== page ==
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Young Morris Goldfish follows his immigrant father into business. His ruthless business practices cause him to become a big success, and he moves the family to Park Avenue. They go, but were happier back on the East Side. Morris is ashamed of this parents and his humble origins, but learns in the end that there is more to life than money. Written by
John Oswalt <firstname.lastname@example.org>
This movie is based on a Fannie Hurst play, "It Is to Laugh," which opened at the Eltinge 42nd Street Theatre in New York City on 26 December 1926 and closed after 32 performances in January 1927. See more »
When Birdie tells Eddie( via intertitle) that his song has been sold for a thousand dollars, he excitedly mouths the words, "Five thousand?" See more »
A Midas for the Jazz Age with a touch of the Jazz Singer
This film is one of the rare surviving goat gland films, that is, it's a part talkie. The film was made in 1929, and although more financially or technically advanced studios had graduated to all-talking pictures by now, poverty row Columbia was just beginning to work with the new technology. As a result, the film is split rather oddly into silent and talking portions, and it goes back and forth between talking and silent throughout the picture. However, it is very well done in spite of this. They must have had some trouble with synchronization, because often the speaking portions will have the speaker turn his/her back to the camera so you can't see that the sound is out of sync. Also, there is a song performed at a distance in which you can clearly see that the singer's lips and the song are out of sync.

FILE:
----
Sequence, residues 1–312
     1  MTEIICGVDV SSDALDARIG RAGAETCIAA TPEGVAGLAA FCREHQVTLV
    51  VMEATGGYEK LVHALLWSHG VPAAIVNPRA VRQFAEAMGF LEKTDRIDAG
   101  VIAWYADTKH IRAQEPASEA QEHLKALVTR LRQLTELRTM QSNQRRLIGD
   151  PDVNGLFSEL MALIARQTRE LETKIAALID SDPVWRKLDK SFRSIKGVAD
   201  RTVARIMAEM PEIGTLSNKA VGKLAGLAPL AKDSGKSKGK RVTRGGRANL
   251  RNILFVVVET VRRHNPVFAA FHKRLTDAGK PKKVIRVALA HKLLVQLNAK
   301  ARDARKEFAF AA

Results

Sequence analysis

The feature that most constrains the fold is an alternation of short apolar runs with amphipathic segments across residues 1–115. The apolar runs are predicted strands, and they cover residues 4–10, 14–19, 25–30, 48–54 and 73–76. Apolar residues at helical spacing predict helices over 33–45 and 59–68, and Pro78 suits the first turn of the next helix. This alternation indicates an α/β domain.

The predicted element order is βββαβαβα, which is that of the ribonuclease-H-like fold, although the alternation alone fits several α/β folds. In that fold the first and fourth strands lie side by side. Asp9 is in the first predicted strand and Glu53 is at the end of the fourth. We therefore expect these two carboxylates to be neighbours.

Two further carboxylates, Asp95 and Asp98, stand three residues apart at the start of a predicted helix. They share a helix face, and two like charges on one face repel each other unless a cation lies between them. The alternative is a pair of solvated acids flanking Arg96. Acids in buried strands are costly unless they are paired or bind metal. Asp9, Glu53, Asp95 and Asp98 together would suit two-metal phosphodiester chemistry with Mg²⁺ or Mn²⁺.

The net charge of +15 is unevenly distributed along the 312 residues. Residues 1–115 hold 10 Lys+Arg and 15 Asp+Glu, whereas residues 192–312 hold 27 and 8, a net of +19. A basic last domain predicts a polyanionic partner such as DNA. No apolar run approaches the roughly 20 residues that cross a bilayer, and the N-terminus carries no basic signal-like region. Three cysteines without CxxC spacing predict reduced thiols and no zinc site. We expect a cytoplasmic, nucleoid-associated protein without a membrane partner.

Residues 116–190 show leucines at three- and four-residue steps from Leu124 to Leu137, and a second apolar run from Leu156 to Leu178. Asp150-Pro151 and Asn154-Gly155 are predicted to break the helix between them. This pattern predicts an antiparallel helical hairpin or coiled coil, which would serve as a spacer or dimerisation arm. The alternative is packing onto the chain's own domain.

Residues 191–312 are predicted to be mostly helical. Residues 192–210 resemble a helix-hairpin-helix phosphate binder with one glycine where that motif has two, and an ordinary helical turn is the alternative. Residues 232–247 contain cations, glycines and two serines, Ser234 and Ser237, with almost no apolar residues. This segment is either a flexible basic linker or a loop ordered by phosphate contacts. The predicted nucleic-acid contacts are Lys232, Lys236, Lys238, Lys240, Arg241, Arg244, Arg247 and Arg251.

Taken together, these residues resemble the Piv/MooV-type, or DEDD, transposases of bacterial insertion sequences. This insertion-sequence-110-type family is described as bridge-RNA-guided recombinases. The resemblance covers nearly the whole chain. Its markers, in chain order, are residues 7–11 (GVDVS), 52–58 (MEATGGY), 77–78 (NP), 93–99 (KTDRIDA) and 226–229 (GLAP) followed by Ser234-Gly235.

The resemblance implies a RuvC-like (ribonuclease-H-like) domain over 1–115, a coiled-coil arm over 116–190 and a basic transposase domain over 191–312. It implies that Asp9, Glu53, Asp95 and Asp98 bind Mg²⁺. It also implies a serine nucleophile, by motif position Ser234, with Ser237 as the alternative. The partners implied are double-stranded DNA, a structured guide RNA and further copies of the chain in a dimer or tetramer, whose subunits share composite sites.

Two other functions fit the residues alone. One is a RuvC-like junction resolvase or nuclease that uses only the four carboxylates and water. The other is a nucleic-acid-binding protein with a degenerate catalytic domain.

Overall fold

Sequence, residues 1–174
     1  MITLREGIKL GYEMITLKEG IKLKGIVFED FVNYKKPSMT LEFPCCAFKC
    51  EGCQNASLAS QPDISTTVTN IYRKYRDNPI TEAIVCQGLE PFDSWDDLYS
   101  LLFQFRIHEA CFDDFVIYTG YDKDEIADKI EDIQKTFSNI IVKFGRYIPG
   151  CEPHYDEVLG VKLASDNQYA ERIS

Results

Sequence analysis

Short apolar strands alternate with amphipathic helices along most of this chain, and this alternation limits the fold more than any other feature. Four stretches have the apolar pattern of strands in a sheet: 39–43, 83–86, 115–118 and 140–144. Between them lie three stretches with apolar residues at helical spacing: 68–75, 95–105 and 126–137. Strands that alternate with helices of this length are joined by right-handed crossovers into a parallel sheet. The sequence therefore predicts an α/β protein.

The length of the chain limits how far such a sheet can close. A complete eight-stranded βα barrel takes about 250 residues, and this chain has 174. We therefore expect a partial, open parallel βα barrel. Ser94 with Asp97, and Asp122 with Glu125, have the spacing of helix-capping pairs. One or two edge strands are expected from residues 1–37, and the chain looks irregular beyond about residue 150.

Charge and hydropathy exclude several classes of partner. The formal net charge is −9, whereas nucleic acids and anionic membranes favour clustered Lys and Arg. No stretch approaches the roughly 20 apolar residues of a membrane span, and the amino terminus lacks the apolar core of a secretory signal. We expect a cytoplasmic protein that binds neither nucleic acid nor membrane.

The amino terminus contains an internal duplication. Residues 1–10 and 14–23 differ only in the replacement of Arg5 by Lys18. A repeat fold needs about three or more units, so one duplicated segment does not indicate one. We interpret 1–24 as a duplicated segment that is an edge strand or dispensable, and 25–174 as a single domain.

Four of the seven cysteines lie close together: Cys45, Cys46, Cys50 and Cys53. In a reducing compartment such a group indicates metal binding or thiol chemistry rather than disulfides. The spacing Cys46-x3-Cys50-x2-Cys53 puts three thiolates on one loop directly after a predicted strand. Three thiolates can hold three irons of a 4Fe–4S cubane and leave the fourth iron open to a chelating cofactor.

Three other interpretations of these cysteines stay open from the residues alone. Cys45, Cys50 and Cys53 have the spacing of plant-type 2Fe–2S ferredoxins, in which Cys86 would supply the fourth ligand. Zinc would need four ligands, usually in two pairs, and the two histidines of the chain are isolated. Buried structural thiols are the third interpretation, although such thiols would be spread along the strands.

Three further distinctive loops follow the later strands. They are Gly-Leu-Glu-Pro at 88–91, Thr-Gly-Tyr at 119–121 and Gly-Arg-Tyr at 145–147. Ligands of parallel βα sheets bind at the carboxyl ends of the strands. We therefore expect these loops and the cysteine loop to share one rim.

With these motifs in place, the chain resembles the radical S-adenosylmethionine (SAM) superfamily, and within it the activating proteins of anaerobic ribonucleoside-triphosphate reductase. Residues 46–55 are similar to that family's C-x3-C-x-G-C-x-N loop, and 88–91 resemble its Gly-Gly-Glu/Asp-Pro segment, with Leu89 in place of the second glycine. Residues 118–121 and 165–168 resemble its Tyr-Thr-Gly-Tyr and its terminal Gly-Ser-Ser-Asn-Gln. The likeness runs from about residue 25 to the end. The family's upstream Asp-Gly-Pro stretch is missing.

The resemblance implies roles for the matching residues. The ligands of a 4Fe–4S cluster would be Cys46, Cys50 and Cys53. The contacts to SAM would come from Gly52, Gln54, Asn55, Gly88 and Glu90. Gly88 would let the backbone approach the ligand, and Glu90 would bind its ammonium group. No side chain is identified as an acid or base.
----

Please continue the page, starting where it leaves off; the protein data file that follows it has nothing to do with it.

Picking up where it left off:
Enough about the poverty row qualifications. The film itself is an excellent Frank Capra work about a Jewish family in a poorer section of New York City. Don't expect the optimistic Capra of later years here, though. The film is surprisingly downbeat although the Capra themes of the importance of family and the evils of chasing riches for riches sake shine through.
The film opens with Julius Goldfish (Jean Hersholt) selling from his push-cart. Actually, he's loafing and talking with friends and ignoring the push-cart. His wife Tilda (Rosa Rosanova) scolds him about his loafing and says he'll never get ahead. Meanwhile their children do not get along with each other. Morris, their son, is always looking for ways to make money, even salvaging stuff from a burning building in order to have a fire sale. Birdie Goldfish (as an adult, Lina Basquette) and Eddie Lesser (as an adult, Rex Lease) are childhood sweethearts. Ma Goldfish is always building up Morris' industry and ingenuity, and Birdie is Pa Goldfish's pride and joy, although Ma and Pa love both children.
Time passes, and the adult Morris (Ricardo Cortez) builds up the push-cart into a thriving antique business and moves the entire family to Fifth Avenue, not so much because he wants his family with him, but because you feel he would be embarrassed to have it known that his family is living on the East Side. Morris even changes his name to Fish to leave his Jewish roots behind and be accepted in the gentile social circles of upper crust New York City. To this end he tries to control the lives of his parents and his grown sister, even shooting disapproving looks at his dad whenever he wears his prayer shawl. Eventually Morris turns his parents into museum pieces and pushes his sister out of the family when her marriage to Eddie embarrasses him socially. The end is bitter-sweet with a final scene that is hard to forget.
Highly recommended as a touching dawn of sound film and a showcase of Capra's talents during this technologically challenging era when so many others were making either stiffly acted static dramas or ludicrous musicals in this transitional year of all-talking pictures.
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